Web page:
The war between Hamas and Israel seems to Russian media as an opportunity to point out the West’s alleged failures in protecting civilians globally. The conflict is seen as one that could lead Western, especially U.S., leaders to split their focus and resources, potentially reducing support for Ukraine in favour of Israel. Pro-Kremlin news goes as far as suggesting that the West is abandoning Ukraine.

This is a shift. As noted, Russian state media first condemned the atrocities against civilians in Gaza, with President Putin saying “your fists clench and you get tears in your eyes” looking at photos of “bloodied, dead (Israeli) children”.

But then things changed. Russian media reaction to the bombardment of the Al Ahli hospital in Gaza, for instance, was a notable shift (with the assumption that the devastation was Israel’s fault). Russia called for an emergency UN General Assembly session, and state media coverage expressed explicit outrage in stark contrast to Russia’s own actions in Ukraine.

Maria Zakharova, spokesperson of the Foreign Ministry told Radio Sputnik “we qualify such a felonious deed as an act of crime – as an act of dehumanisation”.

This led, predictably and rightly, to accusations of hypocrisy, especially given Russia’s history of targeting civilian infrastructure in both Syria and Ukraine.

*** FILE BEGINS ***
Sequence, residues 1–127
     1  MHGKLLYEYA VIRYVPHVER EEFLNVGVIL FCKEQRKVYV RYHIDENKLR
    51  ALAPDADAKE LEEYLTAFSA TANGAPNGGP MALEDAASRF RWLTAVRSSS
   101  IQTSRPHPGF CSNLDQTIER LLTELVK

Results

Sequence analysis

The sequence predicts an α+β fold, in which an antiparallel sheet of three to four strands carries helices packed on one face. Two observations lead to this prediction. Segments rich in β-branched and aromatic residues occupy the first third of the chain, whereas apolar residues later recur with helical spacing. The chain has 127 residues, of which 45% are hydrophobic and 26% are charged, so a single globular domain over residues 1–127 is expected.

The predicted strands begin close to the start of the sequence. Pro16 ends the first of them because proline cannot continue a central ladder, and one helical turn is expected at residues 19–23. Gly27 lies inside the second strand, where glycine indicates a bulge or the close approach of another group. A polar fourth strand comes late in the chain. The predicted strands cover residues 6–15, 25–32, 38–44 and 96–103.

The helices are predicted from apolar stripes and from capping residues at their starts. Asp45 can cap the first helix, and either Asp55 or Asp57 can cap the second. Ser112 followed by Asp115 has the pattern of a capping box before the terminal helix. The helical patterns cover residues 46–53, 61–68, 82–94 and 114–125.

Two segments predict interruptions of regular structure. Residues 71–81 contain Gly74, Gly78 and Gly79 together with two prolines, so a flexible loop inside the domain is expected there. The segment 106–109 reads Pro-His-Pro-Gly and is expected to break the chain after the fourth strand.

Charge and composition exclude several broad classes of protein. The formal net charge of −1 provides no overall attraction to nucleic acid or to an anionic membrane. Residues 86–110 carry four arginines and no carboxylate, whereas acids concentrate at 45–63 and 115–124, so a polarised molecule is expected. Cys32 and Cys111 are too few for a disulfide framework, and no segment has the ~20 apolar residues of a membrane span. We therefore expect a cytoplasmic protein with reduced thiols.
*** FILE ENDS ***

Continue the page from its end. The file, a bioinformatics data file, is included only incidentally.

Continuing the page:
Moral Ambiguity and International Response
The selective stance of Russian media on the Gaza conflict, especially concerning the portrayal of atrocities, has not escaped international scrutiny. Western media outlets have criticised Russia’s position as inconsistent, given its military campaigns. Their narrative, however, finds a resonance in the Middle East, where there is a longstanding wariness of Israel and its Western allies.

As Russian foreign policy analyst Hannah Notte notes, the Kremlin is keen to use the conflict to deepen the rift between the developing world and the West. Russian media’s shift in focus also reflects an understanding of the war’s potential impact on international relations. By aligning with the Palestinian cause, Russia not only appeals to anti-Western sentiments but also attempts to redirect the narrative of global leadership and moral authority away from a US dominance to one where Russia has a moral authority (however much this contradicts its history in Ukraine).

The framing is a world order where the United States and its allies are no longer the default champions of justice and where Russia emerges as a defender of the oppressed.

In sum, the Russian state media’s evolving narrative on the Israeli-Palestinian conflict is a microcosm of the Kremlin’s larger geopolitical strategy. It reflects a nuanced understanding of the complex interplay between regional politics and global perception, but it framed very much against its own invasion of Ukraine and need for allies.

While the West may view Russia’s stance as hypocritical, the Kremlin’s representation of Gaza-Israel is a calculated move designed to sway public opinion and realign alliances in a region that remains pivotal to global stability. The approach of Russian media underscores the ongoing battle for influence the increasingly isolated nation finds itself fighting – not just on the ground, but in the minds and hearts of the non-Western international community.